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To show yourself in deed your father's son
More than in words?


To cut his throat i' the church.
King. No place, indeed, should murder sanctuarize;
Revenge should have no bounds. But, good Laertes,
Will you do this, keep close within your chamber;
Hamlet, returned, shall know you are come home.
We'll put on those shall praise your excellence,
And set a double varnish on the fame

The Frenchman gave you; bring you, in fine, together,
And wager o'er your heads. He, being remiss,
Most generous and free from all contriving,
Will not peruse the foils; so that, with ease,
Or with a little shuffling, you may choose
A sword unbated,2 and in a pass of practice,3
Requite him for your father.

I will do't;
And, for the purpose, I'll anoint my sword.
I bought an unction of a mountebank,
So mortal, that but dip a knife in it,

Where it draws blood, no cataplasm so rare,
Collected from all simples that have virtue

Under the moon, can save the thing from death,
That is but scratched withal. I'll touch my point
With this contagion; that, if I gall him slightly,
It may be death."

King. Let's further think of this;

Weigh, what convenience, both of time and means, May fit us to our shape. If this should fail,

And that our drift look through our bad performance, 'Twere better not assayed; therefore this project Should have a back, or second, that might hold,

1 He being not vigilant; or incautious.

2 i. e. unblunted; to bate, or rather to rebate, was to make dull.

3 Pass of practice is an insidious thrust.

4 In the old quarto of 1603, this contrivance originates with the king:

"When you are hot in midst of all your play,

Among the foils shall a keen rapier lie,

Steeped in a mixture of deadly poison,
That if it draws but the least dram of blood
In any part of him, he cannot live."

If this should blast in proof.-Soft, let me see ;-
We'll make a solemn wager on your cunnings,'
I ha't.

When in your motion you are hot and dry,


(As make your bouts more violent to that end,)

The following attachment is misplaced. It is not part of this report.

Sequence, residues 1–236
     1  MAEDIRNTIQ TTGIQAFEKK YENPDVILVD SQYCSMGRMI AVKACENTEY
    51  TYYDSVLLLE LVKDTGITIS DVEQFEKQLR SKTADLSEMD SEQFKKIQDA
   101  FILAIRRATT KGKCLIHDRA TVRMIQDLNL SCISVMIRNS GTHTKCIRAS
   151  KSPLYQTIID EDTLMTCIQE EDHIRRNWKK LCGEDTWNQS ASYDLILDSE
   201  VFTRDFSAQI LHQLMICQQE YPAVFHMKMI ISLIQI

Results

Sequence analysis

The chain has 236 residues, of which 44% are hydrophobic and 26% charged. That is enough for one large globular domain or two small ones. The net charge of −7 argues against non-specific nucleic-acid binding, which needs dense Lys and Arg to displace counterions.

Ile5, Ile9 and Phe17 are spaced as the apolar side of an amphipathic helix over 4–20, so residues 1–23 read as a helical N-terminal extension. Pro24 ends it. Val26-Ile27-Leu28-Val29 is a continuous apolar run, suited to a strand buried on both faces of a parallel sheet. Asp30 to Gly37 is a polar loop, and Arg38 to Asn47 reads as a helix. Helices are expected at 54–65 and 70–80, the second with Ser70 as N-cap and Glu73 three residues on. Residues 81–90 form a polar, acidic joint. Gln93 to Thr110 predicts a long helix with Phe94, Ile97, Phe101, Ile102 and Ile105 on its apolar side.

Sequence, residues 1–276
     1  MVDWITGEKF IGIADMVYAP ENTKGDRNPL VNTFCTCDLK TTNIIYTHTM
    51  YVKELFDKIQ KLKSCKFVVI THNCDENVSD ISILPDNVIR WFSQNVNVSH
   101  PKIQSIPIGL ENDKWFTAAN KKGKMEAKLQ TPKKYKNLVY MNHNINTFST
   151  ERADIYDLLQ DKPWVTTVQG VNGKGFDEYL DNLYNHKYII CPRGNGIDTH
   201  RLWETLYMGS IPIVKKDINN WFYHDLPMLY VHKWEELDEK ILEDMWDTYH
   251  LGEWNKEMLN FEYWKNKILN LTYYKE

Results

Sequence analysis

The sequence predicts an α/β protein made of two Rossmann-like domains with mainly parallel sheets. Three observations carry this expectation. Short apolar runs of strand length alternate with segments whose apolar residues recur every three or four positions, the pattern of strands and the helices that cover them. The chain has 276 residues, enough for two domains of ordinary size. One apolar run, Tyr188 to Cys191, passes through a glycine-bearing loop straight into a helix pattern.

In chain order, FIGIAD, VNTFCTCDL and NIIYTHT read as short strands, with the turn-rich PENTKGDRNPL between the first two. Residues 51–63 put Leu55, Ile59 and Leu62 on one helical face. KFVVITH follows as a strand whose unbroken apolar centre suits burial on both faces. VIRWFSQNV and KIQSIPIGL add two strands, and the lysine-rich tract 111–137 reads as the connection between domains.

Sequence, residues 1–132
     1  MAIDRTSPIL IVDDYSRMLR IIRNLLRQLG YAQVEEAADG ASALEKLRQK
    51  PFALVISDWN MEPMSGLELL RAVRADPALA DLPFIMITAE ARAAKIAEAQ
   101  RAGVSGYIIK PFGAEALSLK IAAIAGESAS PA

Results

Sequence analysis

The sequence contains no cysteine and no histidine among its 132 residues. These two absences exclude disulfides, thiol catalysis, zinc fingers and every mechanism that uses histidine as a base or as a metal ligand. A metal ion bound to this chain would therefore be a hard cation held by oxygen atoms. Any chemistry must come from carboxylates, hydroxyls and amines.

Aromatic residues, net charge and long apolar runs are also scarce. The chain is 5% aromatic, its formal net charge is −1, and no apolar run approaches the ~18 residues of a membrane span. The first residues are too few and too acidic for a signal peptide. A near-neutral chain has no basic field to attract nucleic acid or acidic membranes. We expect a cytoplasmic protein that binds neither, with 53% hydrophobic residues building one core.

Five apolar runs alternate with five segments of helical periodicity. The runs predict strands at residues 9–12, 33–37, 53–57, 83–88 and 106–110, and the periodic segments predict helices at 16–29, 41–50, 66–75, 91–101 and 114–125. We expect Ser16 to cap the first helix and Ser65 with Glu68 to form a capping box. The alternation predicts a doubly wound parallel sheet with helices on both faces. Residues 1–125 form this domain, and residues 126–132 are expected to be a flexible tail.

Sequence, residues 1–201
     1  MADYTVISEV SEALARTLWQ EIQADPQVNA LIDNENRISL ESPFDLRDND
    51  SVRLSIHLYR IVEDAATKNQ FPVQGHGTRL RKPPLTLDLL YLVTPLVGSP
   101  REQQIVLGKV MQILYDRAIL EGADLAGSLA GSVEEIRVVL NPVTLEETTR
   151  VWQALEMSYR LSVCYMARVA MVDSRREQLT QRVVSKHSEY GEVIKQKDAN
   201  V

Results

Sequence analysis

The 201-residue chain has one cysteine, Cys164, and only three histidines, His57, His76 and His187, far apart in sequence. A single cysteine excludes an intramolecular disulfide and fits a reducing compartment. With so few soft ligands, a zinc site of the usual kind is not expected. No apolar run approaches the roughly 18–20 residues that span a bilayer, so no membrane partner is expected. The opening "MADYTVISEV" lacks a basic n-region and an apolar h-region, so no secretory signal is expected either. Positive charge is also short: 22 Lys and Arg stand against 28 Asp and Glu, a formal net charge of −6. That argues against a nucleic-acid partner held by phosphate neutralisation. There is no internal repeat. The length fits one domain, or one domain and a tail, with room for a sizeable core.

And that he calls for drink, I'll have prepared him
A chalice for the nonce; whereon but sipping,
If he by chance escape your venomed stuck,
Our purpose may hold there. But stay, what noise ?4

Enter Queen.

How now, sweet queen?


Queen. One woe doth tread upon another's heel, So fast they follow.-Your sister's drowned, Laertes. Laer. Drowned! O where?


Queen. There is a willow grows ascaunt the brook, That shows his hoar leaves in the glassy stream; Therewith fantastic garlands did she make Of crow-flowers, nettles, daisies, and long purples, That liberal shepherds give a grosser name, But our cold maids do dead men's fingers call them: There on the pendent boughs her coronet weeds Clambering to hang, an envious sliver broke ; When down her weedy trophies, and herself, Fell in the weeping brook. Her clothes spread wide; And, mermaid-like, awhile they bore her up: Which time, she chanted snatches of old tunes;8

1 Cunning is skill.

2 The quarto reads prefared; the folio prepared. The modern editors read preferred.

3 Á stuck is a thrust (stoccata, Ital.).

4 These four words are not in the folio.

5 Ascaunt, thus the quarto; the folio reads aslant. Ascaunce is the same as askew, sideways, overthwart (a travers, Fr.).

6 The ancient botanical name of the long purples was testiculis morionis, or orchis priapiscus. The grosser name to which the queen alludes, is sufficiently known in many parts of England. It had kindred appellations in other languages. In Sussex it is said to be called dead men's hands. Its various names may be seen in Lyte's Herbal, 1578, or in Cotgrave's Dictionary.

7 i. e. licentious.

8 The quarto reads "snatches of old lauds," i. e. hymns.


As one incapable of her own distress,
Or like a creature native and indued 2

Unto that element; but long it could not be,
Till that her garments, heavy with their drink,
Pulled the poor wretch from her melodious lay
To muddy death.


Alas, then, she is drowned?

Queen. Drowned, drowned.

Laer. Too much of water hast thou, poor Ophelia, And therefore I forbid my tears.


But yet3

It is our trick; nature her custom holds,

Let shame say what it will: when these are gone,
The woman will be out.-Adieu, my lord!